While some individuals ‘gee themselves up’ by screaming and shouting, within a team, it’s just you and your mates. Walking back to your tryline, support and positive messages are helpful to everyone.

Olympic Rugby Sevens program delayed until 2021
Kenki Fukuoka, right, and Yusaku Kuwazuru of Japan following their defeat during the Men’s Rugby Sevens semi-final match between Fiji and Japan. (Photo By Stephen McCarthy/Sportsfile via Getty Images)

Apart from that tactic, rugby mental skills are a big part of the sport. Over the course of a career, those skills help; or hinder, individual enjoyment. Your inner critic may become your weak link if the individual cannot adequately control any insecurity or doubt. Retreating after an opposition scoring movement is when you need to reset and react positively.

Not becoming defeatist, questioning your own ability. it can happen off the field, as much as on it.

It can affect a XVs player or a Sevens player equally. Getting caught up in the moment, losing the clarity required to perform your role. As a viewer, you can see it in the faces of players – like on the All Blacks players’ faces in that 2007 RWC quarterfinal loss.

“Anyone can get in the concrete mixer. You might be a Portia Woodman but leaving someone out on the field too long can be quite damaging. Having someone fresh on the bench that can do the job – it’s not because the replaced player can’t do it, its that rugby is a physically taxing sport.

“You only have five subs, so it’s quite strategic in sevens. Knowing your players too, as some can last longer in the concrete mixer. When they’re under the pump, and who can last out there” was the conclusion of Bunting.

Women and men can each use mental skills to cope in the most difficult situations, be it on defence or attacking to regain the lead.

Rugby coping skills and reaching your Potential

Coping skills in sport is becoming a more important element, as the rewards get higher and higher. The Olympics, World Series, or a Rugby World Cup, for athletes today, it is a profession. Hardly comparable to popular American sports earnings or even their psychology yet, both a Michael Jordan or Megan Rapinoe have the same will to succeed as a Richie McCaw or Kelly Brazier.

Mental strength is clear to see. World-class athletes control the uncontrollable, work harder than the opposition, and their team management can rely on them to ‘be there’.

When the moment counted at the Commonwealth Games, Bunting had confidence in his players. “Yeah, Kelly. One of her biggest strengths is her endurance. She knew everyone around her fallen down, everyone had given everything but, we had every faith in Kelly to make it”.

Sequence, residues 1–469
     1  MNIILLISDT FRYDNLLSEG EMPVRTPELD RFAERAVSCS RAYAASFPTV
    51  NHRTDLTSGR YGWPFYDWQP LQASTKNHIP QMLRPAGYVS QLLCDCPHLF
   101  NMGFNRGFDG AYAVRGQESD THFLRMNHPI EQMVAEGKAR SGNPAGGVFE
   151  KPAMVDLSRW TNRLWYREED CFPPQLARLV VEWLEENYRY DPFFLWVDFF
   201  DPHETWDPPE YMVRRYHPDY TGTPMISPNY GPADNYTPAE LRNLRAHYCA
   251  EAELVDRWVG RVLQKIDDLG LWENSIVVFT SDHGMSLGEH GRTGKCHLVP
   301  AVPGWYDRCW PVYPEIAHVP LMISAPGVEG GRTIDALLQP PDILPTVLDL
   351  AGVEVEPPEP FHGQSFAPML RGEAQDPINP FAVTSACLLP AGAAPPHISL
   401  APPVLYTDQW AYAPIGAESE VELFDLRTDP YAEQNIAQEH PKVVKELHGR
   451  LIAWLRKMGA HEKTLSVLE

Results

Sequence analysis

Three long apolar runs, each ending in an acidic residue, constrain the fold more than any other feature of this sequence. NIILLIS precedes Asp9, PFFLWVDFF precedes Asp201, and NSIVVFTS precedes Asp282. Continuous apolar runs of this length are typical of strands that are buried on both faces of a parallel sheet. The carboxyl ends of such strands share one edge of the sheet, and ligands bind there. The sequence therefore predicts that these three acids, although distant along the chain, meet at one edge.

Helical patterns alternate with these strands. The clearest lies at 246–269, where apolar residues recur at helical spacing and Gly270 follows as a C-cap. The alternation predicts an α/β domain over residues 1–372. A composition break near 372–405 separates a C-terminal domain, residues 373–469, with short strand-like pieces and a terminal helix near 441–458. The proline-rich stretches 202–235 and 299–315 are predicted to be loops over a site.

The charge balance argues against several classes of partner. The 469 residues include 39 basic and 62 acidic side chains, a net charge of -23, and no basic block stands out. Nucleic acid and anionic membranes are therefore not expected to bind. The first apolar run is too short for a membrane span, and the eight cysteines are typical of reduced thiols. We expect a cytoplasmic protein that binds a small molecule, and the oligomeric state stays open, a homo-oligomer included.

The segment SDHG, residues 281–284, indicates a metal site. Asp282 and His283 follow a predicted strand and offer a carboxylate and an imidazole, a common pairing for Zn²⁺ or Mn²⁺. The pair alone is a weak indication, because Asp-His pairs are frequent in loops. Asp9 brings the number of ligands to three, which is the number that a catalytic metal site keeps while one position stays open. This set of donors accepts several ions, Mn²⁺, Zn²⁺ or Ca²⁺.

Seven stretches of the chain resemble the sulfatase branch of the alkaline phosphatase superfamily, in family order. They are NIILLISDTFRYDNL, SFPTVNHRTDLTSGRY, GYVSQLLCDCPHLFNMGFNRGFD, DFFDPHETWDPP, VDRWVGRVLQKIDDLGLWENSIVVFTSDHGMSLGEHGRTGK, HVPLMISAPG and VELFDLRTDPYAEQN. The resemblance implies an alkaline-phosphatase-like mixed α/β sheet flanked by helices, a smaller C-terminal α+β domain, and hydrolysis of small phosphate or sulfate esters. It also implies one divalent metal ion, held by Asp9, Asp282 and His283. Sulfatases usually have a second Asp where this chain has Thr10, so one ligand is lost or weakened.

“She gets caught in the concrete mixer too. Her and Sarah Goss are one of the few who can ‘keep going’ once they’ve been caught in the concrete mixer. Their experience shines through.”

In any hemisphere, individuals that can be relied on, are key members of a team. On the flip side, if you have doubts or have to battle your inner critic, that is also a factor that contributes to success. Your teammates want to know you believe in yourself, so yes even stars have doubts sometimes but, they can ‘mute’ the critic.

They build on their confidence, and like McCaw achieved, work to rebuild the personal skillset to reach new heights of self-reliance. Negating the inner critic, using past experiences to better yourself, all key steps to overcoming the psychological side of professional sport.

Ready to accept the pressure, and thrive in it!

In rugby terms, coming back from one of the most unexpected results in Rugby World Cup history, rates up there. Beside the Brave Blossoms defeating South Africa in Brighton, is the All Blacks failure in Cardiff, 2007.

Richie McCaw took the learnings from that, brought in mental skills coaches like Gilbert Enoka (see below image) and Ceri Evans each gave him and his group of players advice and tips on surviving the brutal world of professional sport.

All Blacks head coach Steve Hansen, Richie McCaw and mental skills coach Gilbert Enoka (R) talk during an All Blacks captain’s run. (Photo by Hannah Peters/Getty Images)

He came out on the other side of the concrete mixer – the continuity of leadership in his captaincy, and in the coaching of Sir Graham Henry, set in place the steps toward redemption. 2011 was a vast improvement in terms of rugby mental skills. A hard-fought win over France was built on failures in 2007. And in 2015, the group had further matured into a secure, confident, and organized unit.

McCaw could rely on his own, and his teams mental toughness, to overcome Australia 34-17.

In conclusion, there is no golden pill. Experience and learning from mistakes is key. Some have instant success like Sonny Bill Williams [debut season winning the NRL Premiership] but otherwise, overcome adversity like McCaw. Others like Kelly Brazier, develop the skillset that sees them excel on the biggest stage. A metamorphosis for some overtime, to becoming skilled athletes who perform to the highest level.

For the best, trials and tribulations are key ingredients. Humble beginnings blossom into greatness. And they accept the pressure and thrive in it. Champions, and better people for it.

 

“Main photo credit”